June 29, 2016, if she had known that her refusal to do so
would lead to the maximum DUI penalty.
outset, Licensee received a 2-month license suspension as
part of her voluntary participation in the DUI accelerated
rehabilitative disposition (ARD)program. Licensee believes
that the Department was not authorized to issue her a
12-month civil license suspension because Officer Fazzio
admittedly did not read her the enhanced DUI criminal
penalties portion of the implied consent warnings.
Apparently, Licensee believes her 2-month license suspension
was a "penalt[y] provided in [S]ection 3804(c) [of the
Vehicle Code] (relating to penalties)[, ]" 75 Pa.C.S.
§1547(b)(2), which Officer Fazzio was required to warn
her thereof pursuant to Section 1547(b)(2) of the Vehicle
Code. See Licensee Br. at 3, 5. However, Licensee
did not receive an enhanced penalty. The enhanced penalties
to which Licensee refers are contained in Section 3804(c) of
the Vehicle Code. That section specifically enumerates the
criminal penalties for a licensee's DUI and refusal to
submit to chemical testing, and license suspension is
not a listed penalty. Licensee's 2-month suspension
was required pursuant to Section 3807(d) of the Vehicle Code,
which mandates: "As a condition of participation in an
[ARD] program, the court shall order the [licensee's]
license suspended . . . [f]or 60 days if . . . the
[licensee's] blood alcohol concentration is not
known[.]" 75 Pa.C.S. §3807(d). Moreover, Licensee
was free to withdraw from the ARD program upon learning of
said suspension. See Poborski v. Dep't of Transp.,
Bureau of Driver Licensing, 964 A.2d 66 (Pa. Cmwlth.
this Court has held that there is no constitutional
requirement for a police officer to provide any implied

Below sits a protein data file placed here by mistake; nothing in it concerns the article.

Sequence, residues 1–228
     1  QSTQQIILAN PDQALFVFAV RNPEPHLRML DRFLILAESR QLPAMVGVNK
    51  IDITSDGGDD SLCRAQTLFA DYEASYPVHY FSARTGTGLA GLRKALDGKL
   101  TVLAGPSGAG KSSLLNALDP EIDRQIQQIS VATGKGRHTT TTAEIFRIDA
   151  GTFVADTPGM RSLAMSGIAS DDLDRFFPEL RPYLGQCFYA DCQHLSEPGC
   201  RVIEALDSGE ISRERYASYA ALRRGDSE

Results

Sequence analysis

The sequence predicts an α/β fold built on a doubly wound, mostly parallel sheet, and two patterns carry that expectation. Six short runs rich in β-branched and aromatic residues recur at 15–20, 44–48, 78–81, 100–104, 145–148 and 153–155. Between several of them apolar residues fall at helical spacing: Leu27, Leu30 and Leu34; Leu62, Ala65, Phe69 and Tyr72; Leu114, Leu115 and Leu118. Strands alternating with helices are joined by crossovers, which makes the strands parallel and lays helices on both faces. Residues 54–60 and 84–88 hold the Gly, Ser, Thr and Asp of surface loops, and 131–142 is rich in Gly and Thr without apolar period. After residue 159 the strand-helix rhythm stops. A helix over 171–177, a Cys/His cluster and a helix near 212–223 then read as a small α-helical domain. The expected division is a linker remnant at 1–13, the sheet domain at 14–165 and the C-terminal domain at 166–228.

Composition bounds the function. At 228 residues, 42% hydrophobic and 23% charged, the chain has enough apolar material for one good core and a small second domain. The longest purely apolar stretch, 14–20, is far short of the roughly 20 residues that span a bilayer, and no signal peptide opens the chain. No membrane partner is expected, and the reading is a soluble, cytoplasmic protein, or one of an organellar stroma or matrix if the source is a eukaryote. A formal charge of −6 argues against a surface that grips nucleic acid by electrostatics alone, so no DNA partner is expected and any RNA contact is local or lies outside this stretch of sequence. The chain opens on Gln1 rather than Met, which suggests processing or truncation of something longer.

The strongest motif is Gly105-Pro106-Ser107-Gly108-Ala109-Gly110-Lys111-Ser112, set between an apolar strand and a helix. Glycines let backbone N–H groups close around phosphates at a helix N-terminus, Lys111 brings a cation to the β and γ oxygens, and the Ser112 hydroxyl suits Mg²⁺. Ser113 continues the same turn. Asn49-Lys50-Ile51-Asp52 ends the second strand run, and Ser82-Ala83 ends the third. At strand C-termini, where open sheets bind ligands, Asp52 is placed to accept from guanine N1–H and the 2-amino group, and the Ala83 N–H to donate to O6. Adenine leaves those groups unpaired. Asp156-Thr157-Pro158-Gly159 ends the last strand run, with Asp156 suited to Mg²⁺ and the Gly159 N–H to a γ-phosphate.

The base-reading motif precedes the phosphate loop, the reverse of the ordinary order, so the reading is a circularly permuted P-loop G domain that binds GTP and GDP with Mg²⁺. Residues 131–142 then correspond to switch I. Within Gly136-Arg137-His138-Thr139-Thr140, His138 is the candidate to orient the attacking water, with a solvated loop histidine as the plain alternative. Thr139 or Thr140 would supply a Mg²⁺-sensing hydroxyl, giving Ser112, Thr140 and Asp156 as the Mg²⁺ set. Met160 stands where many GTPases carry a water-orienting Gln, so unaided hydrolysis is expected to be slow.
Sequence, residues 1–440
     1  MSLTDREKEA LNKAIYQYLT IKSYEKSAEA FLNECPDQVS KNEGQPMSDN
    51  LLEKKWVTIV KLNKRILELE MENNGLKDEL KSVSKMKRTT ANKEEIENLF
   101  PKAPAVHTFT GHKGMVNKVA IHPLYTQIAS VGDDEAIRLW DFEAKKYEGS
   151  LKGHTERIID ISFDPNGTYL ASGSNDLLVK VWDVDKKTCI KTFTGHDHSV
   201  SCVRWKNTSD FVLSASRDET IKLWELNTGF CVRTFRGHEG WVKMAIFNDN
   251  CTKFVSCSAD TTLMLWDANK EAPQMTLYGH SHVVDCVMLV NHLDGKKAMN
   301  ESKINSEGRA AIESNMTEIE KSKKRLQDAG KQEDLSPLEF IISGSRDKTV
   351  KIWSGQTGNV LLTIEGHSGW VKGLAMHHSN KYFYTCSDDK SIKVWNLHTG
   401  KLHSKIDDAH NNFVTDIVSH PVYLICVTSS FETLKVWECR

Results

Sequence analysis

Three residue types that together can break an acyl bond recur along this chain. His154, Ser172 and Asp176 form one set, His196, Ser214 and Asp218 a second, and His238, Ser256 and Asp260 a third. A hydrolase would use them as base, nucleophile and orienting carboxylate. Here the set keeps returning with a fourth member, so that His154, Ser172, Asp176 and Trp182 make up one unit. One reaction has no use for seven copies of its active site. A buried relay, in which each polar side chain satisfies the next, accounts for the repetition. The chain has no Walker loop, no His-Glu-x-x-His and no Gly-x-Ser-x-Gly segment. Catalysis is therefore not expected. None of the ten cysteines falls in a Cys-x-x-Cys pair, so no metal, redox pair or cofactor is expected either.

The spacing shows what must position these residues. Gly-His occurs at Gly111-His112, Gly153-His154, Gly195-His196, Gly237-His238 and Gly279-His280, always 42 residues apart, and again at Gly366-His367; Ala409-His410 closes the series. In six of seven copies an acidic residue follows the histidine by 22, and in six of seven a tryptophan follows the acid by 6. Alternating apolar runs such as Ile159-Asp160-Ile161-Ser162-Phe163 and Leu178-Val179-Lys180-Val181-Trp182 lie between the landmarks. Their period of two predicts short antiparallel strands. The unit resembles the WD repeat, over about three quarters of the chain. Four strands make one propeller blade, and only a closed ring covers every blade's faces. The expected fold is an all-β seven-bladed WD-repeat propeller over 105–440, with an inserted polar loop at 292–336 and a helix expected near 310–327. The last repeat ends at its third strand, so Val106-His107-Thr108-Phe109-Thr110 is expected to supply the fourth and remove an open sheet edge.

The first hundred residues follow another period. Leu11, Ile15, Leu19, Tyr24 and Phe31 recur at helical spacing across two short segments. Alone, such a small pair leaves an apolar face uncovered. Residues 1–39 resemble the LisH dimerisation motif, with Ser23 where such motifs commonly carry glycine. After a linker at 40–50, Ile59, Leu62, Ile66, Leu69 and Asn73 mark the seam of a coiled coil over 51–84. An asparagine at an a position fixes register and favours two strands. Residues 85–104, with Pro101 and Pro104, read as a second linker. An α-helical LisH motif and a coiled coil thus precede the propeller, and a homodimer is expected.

consent warnings to a driver arrested for DUI. See
Dep't of Transp., Bureau of Traffic Safety v.
Sinwell, 450 A.2d 235 (Pa. Cmwlth. 1982);
Commonwealth v. Williams, 338 A.2d 742 (Pa. Cmwlth.
1975); Commonwealth v. Abraham, 300 A.2d 831 (Pa.
Cmwlth. 1973). Accordingly, the only warnings that must be
provided are those mandated by statute, and those required by
the Supreme Court in Department of Transportation, Bureau
of Traffic Safety v. O'Connell, 555 A.2d 873 (Pa.
1989). See Sheakley v. Dep't of
Transp., 513 A.2d 551, 553 (Pa. Cmwlth. 1986),
appeal denied, 527 A.2d 546 (Pa. 1987) ("We
have also held that a motorist has no constitutional right to
a prior warning of the consequences of a refusal to submit to
a breathalyzer test and that the duty to warn is entirely
respect to the redacted portions of the Form DL-26 presented
and read to Licensee, Section 1547 of the Vehicle Code
provides in relevant part:
(a) General rule.--Any person who drives, operates or
is in actual physical control of the movement of a vehicle in
this Commonwealth shall be deemed to have given consent to
one or more chemical tests of breath or blood for the purpose
of determining the alcoholic content of blood or the presence
of a controlled substance if a police officer has
reasonable grounds to believe the person to have been
driving, operating or in actual physical control of the
movement of a vehicle:
(1) in violation of [S]ection 1543(b)(1.1) [of the Vehicle
Code] (relating to driving while operating privilege is
suspended or revoked), [Section]
3802 [of the Vehicle Code, 75
Pa.C.S. § 3802, ] (relating to driving
under influence of alcohol or controlled substance)
. . . .
. . . .
(b) Suspension for refusal.--
(1) If any person placed under arrest for a violation of
[S]ection 3802 [of the Vehicle Code] is requested to submit
to chemical testing and refuses to do so, the testing shall
not be conducted but upon notice by the police officer, the